Issued earlier this year, AN 5196, or Revised Standards for New Specialty Merchant Registration Requirements for Adult Content Merchants, requires adult sites to obtain consent from all models who are depicted in a video or image. Sites must also verify the identity and age of all models. These systems must be in place by October 15, 2021. It is the job of acquirers, those companies that connect adult sites to the MasterCard network, to ensure that rules are being followed. Sites that don't comply will be disciplined or banned.

Here is how one site, JustForFans, is implementing the changes:

In addition to collecting information, MasterCard will now require that content be reviewed by sites prior to publication to ensure that it is not illegal and that it does not "otherwise violate the Standards." If the content is a real-time stream, the site must be able monitor it and take it down immediately.

AN 5196 will also require porn sites to provide their acquirer with monthly reports including a list of all content flagged as "potentially illegal or otherwise in violation of the Standards," as well as the actions taken to address these violations.

Although MasterCard's actions are designed to reduce the amount of illegal adult content, it will also result in less legal adult content being available online.

Let's start by going through the justification for MasterCard's censoring of illegal content. This decision isn't entirely up to MasterCard, as I'm going to show.

Many nations have laws that prohibit various types of adult content. Child pornography is universally illegal. Revenge porn, or the posting of pornographic images of a partner without permission, is also prohibited in many jurisdictions, either explicitly via anti-revenge porn laws or through anti-privacy and/or anti-cyberharassment laws. Sex trafficking, which includes cases such as Girls Do Porn, (a company that used fraud and intimidation to recruit non-professionals to pose in porn videos) is also illegal. Obscenity is prohibited in many jurisdictions, too.

Society has generally gone one step further than punishing the people who are responsible for committing crime. To help further reduce crime, we also punish the financial institutions that facilitate these illegal transactions. If a bank knowingly provides services to a child pornography site, for instance, that bank may be held criminally liable for laundering money.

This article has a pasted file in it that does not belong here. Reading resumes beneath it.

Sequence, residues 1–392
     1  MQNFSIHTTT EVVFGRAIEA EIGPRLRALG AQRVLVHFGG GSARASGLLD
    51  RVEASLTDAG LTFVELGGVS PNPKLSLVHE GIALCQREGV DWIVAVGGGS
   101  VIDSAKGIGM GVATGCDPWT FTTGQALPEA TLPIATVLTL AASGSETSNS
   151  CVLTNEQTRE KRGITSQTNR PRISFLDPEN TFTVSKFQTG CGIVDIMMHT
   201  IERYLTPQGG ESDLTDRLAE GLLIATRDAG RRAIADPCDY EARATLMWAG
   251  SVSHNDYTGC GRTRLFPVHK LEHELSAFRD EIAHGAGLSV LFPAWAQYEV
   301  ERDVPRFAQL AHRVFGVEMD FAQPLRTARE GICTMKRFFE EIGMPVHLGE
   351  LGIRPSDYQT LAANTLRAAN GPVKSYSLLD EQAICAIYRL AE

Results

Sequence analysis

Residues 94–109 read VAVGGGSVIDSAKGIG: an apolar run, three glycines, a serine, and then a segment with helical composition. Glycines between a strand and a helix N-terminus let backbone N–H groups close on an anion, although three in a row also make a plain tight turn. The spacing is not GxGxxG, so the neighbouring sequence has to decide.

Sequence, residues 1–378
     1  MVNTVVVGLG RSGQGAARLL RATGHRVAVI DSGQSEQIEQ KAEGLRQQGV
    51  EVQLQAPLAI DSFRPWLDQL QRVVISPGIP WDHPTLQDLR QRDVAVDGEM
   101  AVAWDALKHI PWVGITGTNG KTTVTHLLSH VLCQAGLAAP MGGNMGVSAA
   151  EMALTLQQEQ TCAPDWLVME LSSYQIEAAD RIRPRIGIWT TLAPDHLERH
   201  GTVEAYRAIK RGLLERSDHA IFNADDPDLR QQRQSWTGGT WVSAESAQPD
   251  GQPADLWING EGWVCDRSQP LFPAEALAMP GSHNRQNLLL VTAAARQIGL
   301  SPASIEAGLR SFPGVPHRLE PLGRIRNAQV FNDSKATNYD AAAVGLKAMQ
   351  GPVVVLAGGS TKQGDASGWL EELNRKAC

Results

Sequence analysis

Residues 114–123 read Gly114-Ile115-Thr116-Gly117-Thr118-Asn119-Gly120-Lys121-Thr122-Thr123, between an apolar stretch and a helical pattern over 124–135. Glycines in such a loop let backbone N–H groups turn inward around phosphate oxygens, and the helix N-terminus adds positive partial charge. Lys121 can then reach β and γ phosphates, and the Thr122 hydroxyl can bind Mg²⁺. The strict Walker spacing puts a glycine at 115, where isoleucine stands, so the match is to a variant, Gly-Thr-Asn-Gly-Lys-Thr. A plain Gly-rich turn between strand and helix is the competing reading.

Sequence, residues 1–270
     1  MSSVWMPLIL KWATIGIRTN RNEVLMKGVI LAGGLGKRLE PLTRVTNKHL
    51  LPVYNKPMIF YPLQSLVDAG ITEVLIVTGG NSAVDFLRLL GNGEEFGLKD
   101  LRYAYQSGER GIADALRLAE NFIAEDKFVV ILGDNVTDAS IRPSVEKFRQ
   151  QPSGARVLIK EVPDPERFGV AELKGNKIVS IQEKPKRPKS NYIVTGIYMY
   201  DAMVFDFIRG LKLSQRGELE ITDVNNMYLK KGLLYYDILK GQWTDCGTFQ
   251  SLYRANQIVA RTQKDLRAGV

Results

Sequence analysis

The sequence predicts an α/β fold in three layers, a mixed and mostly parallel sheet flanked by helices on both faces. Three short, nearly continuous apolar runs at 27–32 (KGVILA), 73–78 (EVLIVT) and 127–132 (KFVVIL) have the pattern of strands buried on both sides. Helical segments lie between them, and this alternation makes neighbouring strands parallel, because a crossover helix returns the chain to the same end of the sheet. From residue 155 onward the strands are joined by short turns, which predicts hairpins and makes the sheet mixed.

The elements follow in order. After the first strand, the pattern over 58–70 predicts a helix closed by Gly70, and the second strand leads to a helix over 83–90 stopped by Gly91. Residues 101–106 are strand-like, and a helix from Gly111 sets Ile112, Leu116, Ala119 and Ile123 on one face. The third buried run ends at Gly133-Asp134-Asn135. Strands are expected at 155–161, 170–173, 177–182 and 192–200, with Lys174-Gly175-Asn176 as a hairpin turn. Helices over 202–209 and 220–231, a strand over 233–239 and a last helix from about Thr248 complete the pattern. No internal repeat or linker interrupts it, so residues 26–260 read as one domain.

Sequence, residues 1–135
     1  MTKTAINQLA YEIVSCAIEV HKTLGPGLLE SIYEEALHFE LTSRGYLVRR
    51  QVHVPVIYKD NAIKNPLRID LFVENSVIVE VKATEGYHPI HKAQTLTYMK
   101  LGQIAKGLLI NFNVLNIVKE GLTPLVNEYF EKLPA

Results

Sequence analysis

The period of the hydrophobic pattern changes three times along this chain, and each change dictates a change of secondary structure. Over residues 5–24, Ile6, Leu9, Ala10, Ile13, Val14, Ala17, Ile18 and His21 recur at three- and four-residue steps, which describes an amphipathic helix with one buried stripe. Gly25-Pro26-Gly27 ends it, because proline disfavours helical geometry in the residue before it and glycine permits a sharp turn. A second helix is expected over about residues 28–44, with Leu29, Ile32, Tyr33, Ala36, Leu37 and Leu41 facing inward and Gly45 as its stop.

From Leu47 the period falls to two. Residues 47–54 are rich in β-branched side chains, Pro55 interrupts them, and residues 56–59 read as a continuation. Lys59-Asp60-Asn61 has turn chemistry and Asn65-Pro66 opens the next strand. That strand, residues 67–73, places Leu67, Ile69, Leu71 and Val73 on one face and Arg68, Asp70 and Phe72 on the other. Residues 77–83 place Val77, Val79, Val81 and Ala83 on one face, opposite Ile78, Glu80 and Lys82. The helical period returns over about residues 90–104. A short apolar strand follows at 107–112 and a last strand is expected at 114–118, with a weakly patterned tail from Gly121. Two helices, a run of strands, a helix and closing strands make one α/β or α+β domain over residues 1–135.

To avoid being punished for accepting the proceeds of crime, financial institutions make an effort to filter out illegal payments, say by implementing customer due diligence, or know-your-customer (KYC), requirements. By demonstrating to law enforcement that they have filters in place, bankers can avoid prosecution for money laundering.

It is courtesy of this filters that financial institutions like MasterCard help project society's laws about content, however imperfect, onto online commerce. MasterCard performs this role of censor because we (i.e. voters and politicians) have delegated it that role.

Which gets us back to AN 5196.

A 2020 exposé by the New York Times revealed that one of the world' biggest porn sites, PornHub, had allowed child sexual abuse material and other non-consensual videos to appear on its site. (I wrote about this event here.) Because card acquirers must ensure that the businesses they connect to the MasterCard network are not selling illegal content, Pornhub should never have been allowed to host this content in the first place.

MasterCard's response was AN 5196. Prior to the Pornhub incident, acquirers were obligated to stop illegal porn from being transacted on the MasterCard network, but they were allowed to devise their own methods for doing so. The new rules impose explicit and uniform procedures across all acquirers. (I've already described what they are above, including collecting identification.)

AN 5196 will almost certainly reduce the amount of illegal content being transacted along the MasterCard network, and thus the amount of illegal content available on the internet. Some illegal content will inevitably flow to alternative adult sites that use cryptocurrencies or eChecks for payments. But without the ease of a card transactions, this content won't attract the same number of eyeballs as before.  

Unfortunately, AN 5196 has a blast radius. It will also reduce the amount of legal adult content available on the internet. Because adult sites will now have to collect the personal data of all people appearing in videos and other images, content makers who worry about being doxxed by insiders at porn site, or who fear losing their data to hackers who compromise sites, will stop providing content. (To be fair, some adult sites were already requiring identification prior to MasterCard's rule change.)

It might be possible to reduce the amount of law-abiding models who self-censor themselves out of fear of losing personal data. But this would require a different, more privacy friendly, approach to managing identity. That's a whole other conversation.